mysql is a simple SQL shell (with GNU
readline capabilities). It supports
interactive and non-interactive use. When used interactively,
query results are presented in an ASCII-table format. When
used non-interactively (for example, as a filter), the result
is presented in tab-separated format. The output format can be
changed using command options.
If you have problems due to insufficient memory for large
result sets, use the
--quick option. This
forces mysql to retrieve results from the
server a row at a time rather than retrieving the entire
result set and buffering it in memory before displaying it.
This is done by returning the result set using the
mysql_use_result() C API function in the
client/server library rather than
Using mysql is very easy. Invoke it from the prompt of your command interpreter as follows:
Then type an SQL statement, end it with
\G and press Enter.
You can execute SQL statements in a script file (batch file) like this:
mysql supports the following options:
Display a help message and exit.
Enable automatic rehashing. This option is on by default,
which enables table and column name completion. Use
--skip-auto-rehash to disable rehashing.
That causes mysql to start faster, but
you must issue the
rehash command if
you want to use table and column name completion.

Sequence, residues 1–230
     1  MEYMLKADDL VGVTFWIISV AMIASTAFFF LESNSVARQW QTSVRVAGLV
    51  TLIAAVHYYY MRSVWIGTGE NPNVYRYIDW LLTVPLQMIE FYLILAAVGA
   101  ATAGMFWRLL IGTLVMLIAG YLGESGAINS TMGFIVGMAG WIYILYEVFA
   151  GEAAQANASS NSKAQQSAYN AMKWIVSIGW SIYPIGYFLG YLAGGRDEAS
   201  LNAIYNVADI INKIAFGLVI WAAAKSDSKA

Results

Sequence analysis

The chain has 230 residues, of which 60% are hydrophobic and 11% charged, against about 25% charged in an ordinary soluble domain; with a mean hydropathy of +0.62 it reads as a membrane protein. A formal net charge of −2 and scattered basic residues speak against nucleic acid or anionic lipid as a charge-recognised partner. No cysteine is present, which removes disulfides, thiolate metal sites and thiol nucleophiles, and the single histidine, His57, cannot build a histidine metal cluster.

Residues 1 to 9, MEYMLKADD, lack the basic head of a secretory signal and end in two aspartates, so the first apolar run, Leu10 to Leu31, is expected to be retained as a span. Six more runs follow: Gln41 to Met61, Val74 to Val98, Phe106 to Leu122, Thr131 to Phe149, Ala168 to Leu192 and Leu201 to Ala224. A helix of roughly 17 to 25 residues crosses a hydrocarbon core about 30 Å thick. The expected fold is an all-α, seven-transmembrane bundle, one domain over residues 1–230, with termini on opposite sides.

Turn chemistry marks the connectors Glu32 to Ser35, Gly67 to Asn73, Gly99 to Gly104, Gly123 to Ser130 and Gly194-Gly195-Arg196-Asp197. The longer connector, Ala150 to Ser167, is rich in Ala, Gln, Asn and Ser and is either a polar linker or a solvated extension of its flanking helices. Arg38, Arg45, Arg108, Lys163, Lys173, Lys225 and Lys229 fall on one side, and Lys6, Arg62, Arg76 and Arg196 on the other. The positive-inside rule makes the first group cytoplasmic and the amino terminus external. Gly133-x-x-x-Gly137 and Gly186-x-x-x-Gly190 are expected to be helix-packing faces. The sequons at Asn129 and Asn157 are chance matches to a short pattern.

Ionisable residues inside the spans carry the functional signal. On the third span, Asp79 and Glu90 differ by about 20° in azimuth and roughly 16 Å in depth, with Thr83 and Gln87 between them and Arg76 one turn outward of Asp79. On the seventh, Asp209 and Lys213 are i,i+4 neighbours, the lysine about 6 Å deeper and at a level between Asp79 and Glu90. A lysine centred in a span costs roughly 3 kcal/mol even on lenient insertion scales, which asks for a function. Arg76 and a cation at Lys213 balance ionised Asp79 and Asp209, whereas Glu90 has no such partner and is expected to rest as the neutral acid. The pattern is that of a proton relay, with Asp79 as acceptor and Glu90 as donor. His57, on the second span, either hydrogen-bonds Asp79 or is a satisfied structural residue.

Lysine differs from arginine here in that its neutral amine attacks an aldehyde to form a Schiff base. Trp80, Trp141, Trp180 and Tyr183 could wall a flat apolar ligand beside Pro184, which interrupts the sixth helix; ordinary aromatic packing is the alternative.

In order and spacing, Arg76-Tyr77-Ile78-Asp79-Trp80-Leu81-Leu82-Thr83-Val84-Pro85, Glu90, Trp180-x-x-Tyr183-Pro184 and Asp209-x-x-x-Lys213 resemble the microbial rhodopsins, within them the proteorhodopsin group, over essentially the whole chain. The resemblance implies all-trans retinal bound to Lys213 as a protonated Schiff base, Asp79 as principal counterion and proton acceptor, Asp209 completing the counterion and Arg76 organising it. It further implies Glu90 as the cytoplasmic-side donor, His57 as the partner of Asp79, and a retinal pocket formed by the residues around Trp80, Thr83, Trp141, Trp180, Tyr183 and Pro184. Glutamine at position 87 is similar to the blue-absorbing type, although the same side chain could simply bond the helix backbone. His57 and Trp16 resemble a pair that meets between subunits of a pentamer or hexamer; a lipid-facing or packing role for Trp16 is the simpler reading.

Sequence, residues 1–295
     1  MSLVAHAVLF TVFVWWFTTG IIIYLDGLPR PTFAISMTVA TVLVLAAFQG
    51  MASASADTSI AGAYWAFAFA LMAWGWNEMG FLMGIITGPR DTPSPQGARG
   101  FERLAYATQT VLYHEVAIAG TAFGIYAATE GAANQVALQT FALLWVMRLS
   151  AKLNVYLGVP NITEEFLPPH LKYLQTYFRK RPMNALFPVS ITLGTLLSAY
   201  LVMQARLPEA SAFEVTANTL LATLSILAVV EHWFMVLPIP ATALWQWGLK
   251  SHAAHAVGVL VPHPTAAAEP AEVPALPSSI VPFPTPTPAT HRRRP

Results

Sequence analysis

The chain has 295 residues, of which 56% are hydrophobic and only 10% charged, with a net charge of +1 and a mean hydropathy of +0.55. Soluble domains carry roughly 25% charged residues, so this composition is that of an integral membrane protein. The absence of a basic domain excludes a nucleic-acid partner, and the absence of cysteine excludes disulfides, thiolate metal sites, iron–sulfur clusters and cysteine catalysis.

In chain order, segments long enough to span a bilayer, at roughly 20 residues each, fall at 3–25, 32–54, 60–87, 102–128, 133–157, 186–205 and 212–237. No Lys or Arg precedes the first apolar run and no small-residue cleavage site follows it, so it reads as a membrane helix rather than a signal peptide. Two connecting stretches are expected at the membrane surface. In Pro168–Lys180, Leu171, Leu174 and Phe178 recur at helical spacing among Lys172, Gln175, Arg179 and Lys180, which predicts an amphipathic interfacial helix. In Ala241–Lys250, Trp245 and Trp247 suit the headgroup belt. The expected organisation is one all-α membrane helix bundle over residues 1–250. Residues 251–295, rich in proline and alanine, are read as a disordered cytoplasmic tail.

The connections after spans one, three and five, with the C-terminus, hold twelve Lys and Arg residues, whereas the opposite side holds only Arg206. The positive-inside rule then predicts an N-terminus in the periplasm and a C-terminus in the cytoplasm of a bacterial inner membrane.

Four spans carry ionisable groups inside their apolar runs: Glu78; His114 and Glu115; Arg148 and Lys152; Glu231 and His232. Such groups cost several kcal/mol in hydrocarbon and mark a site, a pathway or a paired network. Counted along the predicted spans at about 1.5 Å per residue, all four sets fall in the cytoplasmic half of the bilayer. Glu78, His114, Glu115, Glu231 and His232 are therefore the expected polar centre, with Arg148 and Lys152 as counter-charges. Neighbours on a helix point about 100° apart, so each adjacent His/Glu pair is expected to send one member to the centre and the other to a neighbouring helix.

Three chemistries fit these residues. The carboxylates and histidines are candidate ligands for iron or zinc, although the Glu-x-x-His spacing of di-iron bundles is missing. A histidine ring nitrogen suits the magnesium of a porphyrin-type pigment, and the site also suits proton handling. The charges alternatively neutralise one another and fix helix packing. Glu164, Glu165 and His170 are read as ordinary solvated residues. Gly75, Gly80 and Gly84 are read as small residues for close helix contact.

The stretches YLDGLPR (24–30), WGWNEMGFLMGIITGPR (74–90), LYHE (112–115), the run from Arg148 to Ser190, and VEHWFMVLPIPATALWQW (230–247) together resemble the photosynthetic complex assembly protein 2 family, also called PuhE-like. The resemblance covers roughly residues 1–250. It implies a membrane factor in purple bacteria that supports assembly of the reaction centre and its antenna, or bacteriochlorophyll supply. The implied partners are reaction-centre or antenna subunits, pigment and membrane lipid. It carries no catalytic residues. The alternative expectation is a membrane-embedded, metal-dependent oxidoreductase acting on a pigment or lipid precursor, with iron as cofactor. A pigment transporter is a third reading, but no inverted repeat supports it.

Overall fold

Print results using tab as the column separator, with each row on a new line. With this option, mysql does not use the history file.
The directory where character sets are installed. See Section 5.11.1, “The Character Set Used for Data and Sorting”.
Write column names in results.
Compress all information sent between the client and the server if both support compression.
The database to use. This is useful primarily in an option file.
Write a debugging log. The
debug_options string often is
The default is
Print some debugging information when the program exits.
charset_name as the default
character set. See Section 5.11.1, “The Character Set Used for Data and Sorting”.
Set the statement delimiter. The default is the semicolon
Execute the statement and quit. The default output format
is like that produced with
Section 4.3.1, “Using Options on the Command Line”, for some examples.
Continue even if an SQL error occurs.
Connect to the MySQL server on the given host.
Produce HTML output.
Ignore spaces after function names. The effect of this is
described in the discussion for the
IGNORE_SPACE SQL mode (see
Section 5.2.5, “The Server SQL Mode”).
Write line numbers for errors. Disable this with
Enable or disable
LOCAL capability for
LOAD DATA INFILE. With no value, the
LOCAL. The option may be
--local-infile=1 to explicitly disable or
LOCAL has no effect if the server does